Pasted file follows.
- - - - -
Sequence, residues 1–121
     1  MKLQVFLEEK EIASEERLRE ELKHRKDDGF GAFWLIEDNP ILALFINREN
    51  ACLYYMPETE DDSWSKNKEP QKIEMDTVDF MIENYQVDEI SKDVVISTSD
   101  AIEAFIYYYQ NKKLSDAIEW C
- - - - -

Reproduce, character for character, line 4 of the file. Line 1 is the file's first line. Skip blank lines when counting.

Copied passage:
   101  AIEAFIYYYQ NKKLSDAIEW C